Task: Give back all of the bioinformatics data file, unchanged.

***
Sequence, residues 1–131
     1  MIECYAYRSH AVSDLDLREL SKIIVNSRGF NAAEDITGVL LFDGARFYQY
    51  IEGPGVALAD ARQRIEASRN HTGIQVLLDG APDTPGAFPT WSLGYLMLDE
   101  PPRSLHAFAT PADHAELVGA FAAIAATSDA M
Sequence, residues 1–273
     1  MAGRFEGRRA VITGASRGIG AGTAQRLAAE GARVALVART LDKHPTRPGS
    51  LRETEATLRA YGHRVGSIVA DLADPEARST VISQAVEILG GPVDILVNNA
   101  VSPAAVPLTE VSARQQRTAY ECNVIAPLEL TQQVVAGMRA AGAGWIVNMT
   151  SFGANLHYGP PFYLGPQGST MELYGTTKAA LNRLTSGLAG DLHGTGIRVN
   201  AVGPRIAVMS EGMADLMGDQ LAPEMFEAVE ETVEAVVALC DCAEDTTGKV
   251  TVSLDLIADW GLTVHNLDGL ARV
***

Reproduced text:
Sequence, residues 1–131
     1  MIECYAYRSH AVSDLDLREL SKIIVNSRGF NAAEDITGVL LFDGARFYQY
    51  IEGPGVALAD ARQRIEASRN HTGIQVLLDG APDTPGAFPT WSLGYLMLDE
   101  PPRSLHAFAT PADHAELVGA FAAIAATSDA M
Sequence, residues 1–273
     1  MAGRFEGRRA VITGASRGIG AGTAQRLAAE GARVALVART LDKHPTRPGS
    51  LRETEATLRA YGHRVGSIVA DLADPEARST VISQAVEILG GPVDILVNNA
   101  VSPAAVPLTE VSARQQRTAY ECNVIAPLEL TQQVVAGMRA AGAGWIVNMT
   151  SFGANLHYGP PFYLGPQGST MELYGTTKAA LNRLTSGLAG DLHGTGIRVN
   201  AVGPRIAVMS EGMADLMGDQ LAPEMFEAVE ETVEAVVALC DCAEDTTGKV
   251  TVSLDLIADW GLTVHNLDGL ARV